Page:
Serpentine emerald ash borer gallery.
Image: Troy Kimoto, CFIA

The pupae are the same shape as the adult beetle but are white when newly formed and then start to look like adult EAB as they develop. After the pupal stage is completed (5-13 days), the adult EAB emerges in the spring, boring out of the overwintering chamber and through the tree bark [28] . This leaves a distinctive D-shape exit hole in the bark (approx. 3.6 mm by 2.8 mm), evident from the outside of the tree [28] .

Emerald ash borer pupae and adults showing the progression of maturation.
Image: Debbie Miller, USDA Forest Service,

Adult EAB feed on ash leaves, this feeding damage is visible on the edges of leaves but the feeding damage is minor [28] . Adults only live two to three weeks. They prefer warmth and are more often found on the sun-exposed side of the tree so trapping and sampling techniques are more successful when conducted here.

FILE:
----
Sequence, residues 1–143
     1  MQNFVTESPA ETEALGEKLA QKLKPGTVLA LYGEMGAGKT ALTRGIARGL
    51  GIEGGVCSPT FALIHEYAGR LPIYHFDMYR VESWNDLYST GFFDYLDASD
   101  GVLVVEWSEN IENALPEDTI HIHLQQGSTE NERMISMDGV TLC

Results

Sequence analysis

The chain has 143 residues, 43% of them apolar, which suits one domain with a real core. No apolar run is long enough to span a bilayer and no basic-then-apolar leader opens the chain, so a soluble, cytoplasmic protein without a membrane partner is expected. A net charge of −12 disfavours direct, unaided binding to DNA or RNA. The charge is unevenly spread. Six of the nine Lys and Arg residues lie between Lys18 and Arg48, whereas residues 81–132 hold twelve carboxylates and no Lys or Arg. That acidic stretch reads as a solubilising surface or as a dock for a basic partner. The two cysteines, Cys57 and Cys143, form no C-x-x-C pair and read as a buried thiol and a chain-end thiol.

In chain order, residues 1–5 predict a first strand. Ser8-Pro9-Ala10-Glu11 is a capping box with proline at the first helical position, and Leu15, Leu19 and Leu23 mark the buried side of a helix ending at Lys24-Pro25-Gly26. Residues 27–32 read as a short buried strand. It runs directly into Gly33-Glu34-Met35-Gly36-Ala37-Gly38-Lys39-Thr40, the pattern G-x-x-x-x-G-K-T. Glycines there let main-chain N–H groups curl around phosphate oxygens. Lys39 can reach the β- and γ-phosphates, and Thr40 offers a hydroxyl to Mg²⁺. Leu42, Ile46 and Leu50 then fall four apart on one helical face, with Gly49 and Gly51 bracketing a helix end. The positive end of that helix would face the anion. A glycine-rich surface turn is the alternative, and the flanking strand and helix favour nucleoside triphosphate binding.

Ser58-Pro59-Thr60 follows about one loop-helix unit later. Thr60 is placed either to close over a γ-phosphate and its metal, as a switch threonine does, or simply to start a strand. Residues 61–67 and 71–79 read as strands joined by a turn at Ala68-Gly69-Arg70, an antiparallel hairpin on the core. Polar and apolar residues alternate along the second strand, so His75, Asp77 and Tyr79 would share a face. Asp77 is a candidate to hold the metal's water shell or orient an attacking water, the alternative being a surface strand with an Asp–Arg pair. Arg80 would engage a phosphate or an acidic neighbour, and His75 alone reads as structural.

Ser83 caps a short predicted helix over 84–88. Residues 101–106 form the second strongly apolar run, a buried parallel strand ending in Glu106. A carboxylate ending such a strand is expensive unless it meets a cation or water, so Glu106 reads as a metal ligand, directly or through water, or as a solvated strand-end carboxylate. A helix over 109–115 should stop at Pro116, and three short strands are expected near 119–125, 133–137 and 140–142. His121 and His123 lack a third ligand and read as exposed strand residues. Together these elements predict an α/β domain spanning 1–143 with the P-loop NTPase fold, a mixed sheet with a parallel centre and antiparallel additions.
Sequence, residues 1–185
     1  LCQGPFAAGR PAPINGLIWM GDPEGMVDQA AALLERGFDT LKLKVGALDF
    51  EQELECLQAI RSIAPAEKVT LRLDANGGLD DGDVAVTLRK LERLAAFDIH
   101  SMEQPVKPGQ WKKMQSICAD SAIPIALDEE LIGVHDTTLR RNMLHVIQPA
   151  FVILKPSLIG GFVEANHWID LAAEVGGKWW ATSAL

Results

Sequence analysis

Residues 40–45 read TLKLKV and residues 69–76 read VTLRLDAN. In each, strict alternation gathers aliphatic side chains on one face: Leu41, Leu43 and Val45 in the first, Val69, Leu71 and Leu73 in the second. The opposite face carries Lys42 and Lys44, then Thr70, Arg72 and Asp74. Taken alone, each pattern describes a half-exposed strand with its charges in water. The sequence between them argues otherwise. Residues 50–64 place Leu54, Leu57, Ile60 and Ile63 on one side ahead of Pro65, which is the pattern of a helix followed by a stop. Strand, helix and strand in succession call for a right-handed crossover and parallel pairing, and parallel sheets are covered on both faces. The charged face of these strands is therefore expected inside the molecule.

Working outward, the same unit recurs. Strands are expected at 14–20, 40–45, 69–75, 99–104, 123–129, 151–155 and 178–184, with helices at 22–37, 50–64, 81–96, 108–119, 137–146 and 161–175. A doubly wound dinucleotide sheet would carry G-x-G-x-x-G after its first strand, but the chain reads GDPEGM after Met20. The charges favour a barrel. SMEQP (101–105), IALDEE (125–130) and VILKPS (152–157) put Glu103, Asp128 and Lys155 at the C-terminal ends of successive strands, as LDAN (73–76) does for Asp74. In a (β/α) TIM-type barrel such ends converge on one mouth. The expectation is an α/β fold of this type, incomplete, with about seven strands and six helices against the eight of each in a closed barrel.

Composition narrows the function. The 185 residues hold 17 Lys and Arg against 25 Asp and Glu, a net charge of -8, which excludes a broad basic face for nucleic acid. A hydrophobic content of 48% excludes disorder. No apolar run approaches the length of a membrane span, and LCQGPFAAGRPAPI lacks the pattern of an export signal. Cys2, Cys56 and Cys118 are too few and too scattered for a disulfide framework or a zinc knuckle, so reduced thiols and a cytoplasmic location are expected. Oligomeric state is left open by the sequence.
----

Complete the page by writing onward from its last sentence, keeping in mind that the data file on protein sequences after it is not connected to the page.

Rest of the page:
Typical D-shaped exit hole made by emerald ash borer adult emerging from the tree.
Image: Kathleen Ryan, Silv-Econ Ltd.

The entire emerald ash borer (EAB) lifespan usually lasts one year, but some EAB need two years to develop the one-year life-cycle results in faster population growth than the two-year [22,31] . Two-year development is common at sites with lower populations of the insect conversely, larvae develop more quickly in stressed ash trees [31] . Other factors such as climate could affect the beetle’s development time.

Emerald ash borer is a proficient flyer and can disperse naturally, but the rapid increase in range of the beetle is primarily because it is moved in infested firewood and possibly in nursery stock [22] . In the laboratory, the beetle can fly up to 2.8 km a day for up to four days (max flight 9.8 km overall) on a flight mill but other estimates suggest that mated females could fly over 20 km per day in natural situations [32,33] .